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Tackling UK engineering and manufacturing skills gaps

Posted on 10 Jun 2024. Edited by: Colin Granger. Read 437 times.
Tackling UK engineering and manufacturing skills gapsDame Judith Hackitt (pictured), who is chairman of Enginuity — a charity dedicated to finding new ways to close the skills gaps in UK engineering and manufacturing — is calling on employers to pledge their support in addressing five key priorities highlighted in Enginuity’s new ‘Manifesto for Change’, which asks for a multi-stakeholder collaborative approach between policymakers, employers, and education providers.

She said: “With the general election date confirmed, now is the time to ensure policymakers and political leaders understand the potential economic impact of the sector’s skills gaps challenges, and back the funding and systems adaptations in the next Parliament and beyond. Make UK, SDE Technology, Automate UK, and the Design and Technology Association are among those that have already pledged their support.”

Enginuity highlights five priority actions that will ‘secure the future of UK engineering and manufacturing and build a world-class sector’. These are: make qualifications and learning more flexible with a focus on key transferable skills; incentivise recruitment in priority industries with skills shortages; ensure that funding for technical and vocational education, standards, and qualifications is commensurate with the critical need to upskill and reskill the engineering and manufacturing workforce; establish a skills observatory using data and artificial intelligence (AI) to analyse cross-sector and sector-specific needs; and refine the Apprenticeship Levy in England and make funding systems more transparent for engineering and manufacturing employers throughout the UK.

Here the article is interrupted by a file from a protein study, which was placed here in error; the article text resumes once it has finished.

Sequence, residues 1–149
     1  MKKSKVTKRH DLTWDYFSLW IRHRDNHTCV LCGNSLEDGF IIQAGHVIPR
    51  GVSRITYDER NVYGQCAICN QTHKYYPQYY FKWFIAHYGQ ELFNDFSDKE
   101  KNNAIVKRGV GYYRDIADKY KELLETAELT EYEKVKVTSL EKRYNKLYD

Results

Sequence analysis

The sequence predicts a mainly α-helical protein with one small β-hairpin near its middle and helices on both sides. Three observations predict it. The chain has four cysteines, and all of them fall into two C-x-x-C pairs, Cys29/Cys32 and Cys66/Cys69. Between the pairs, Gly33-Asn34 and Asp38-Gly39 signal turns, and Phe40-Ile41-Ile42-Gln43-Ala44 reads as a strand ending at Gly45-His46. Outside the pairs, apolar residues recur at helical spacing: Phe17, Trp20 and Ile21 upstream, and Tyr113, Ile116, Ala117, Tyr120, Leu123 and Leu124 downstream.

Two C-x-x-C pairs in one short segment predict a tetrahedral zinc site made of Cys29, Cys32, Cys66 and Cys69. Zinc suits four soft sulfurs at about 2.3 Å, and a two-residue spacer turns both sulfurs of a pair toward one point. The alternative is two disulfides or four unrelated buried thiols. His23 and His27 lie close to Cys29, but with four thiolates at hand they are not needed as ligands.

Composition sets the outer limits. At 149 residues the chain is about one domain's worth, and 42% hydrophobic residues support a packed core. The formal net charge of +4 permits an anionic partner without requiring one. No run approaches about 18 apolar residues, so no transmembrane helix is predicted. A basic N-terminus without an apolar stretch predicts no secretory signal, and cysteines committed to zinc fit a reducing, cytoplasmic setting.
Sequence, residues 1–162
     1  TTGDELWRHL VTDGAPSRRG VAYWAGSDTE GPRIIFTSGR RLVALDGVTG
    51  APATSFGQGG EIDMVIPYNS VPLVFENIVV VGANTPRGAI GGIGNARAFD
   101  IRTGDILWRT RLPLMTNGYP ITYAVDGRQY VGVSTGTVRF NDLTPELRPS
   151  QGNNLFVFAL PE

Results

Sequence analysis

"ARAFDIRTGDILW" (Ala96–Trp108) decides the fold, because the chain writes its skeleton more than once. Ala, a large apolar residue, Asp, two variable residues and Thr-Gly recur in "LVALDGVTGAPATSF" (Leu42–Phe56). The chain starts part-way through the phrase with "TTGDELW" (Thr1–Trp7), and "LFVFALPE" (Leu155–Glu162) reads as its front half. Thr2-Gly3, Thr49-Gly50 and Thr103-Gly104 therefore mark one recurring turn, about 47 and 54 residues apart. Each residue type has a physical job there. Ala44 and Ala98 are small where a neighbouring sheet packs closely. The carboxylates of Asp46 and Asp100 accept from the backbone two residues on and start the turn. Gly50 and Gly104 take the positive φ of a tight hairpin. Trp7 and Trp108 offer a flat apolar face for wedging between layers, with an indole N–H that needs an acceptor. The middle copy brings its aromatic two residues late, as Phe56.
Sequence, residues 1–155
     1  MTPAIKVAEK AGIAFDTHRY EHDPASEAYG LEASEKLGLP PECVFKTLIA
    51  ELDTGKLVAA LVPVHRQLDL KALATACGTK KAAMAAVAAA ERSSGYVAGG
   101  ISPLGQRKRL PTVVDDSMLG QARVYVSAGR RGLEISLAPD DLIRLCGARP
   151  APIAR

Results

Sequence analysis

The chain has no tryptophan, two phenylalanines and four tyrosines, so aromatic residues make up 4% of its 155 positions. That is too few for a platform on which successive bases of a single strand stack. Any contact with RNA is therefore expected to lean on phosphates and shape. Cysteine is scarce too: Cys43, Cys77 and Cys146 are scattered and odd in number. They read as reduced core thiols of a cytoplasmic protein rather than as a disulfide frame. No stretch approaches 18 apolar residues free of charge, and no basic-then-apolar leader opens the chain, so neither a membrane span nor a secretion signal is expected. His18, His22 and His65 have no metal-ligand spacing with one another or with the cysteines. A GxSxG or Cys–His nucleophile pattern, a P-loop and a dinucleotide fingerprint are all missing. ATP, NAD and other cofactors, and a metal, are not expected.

Dame Judith Hackitt continued: “None of us can know exactly what engineering and manufacturing jobs will look like in the future, but we know they will be different from today’s. Now is the time to act. If we do nothing, the sector will survive, but it will fail to thrive, and we will fail in our endeavour to be a leading global player in engineering and manufacturing.”

Enginuity’s chief executive Ann Watson concluded: “The engineering and manufacturing sector is staring in the face of challenges and opportunities. To meet them head-on, we need employers, training centres, educational institutions, and policymakers to work together. If we act now, we can prepare the existing workforce and attract a whole new generation of engineering talent.”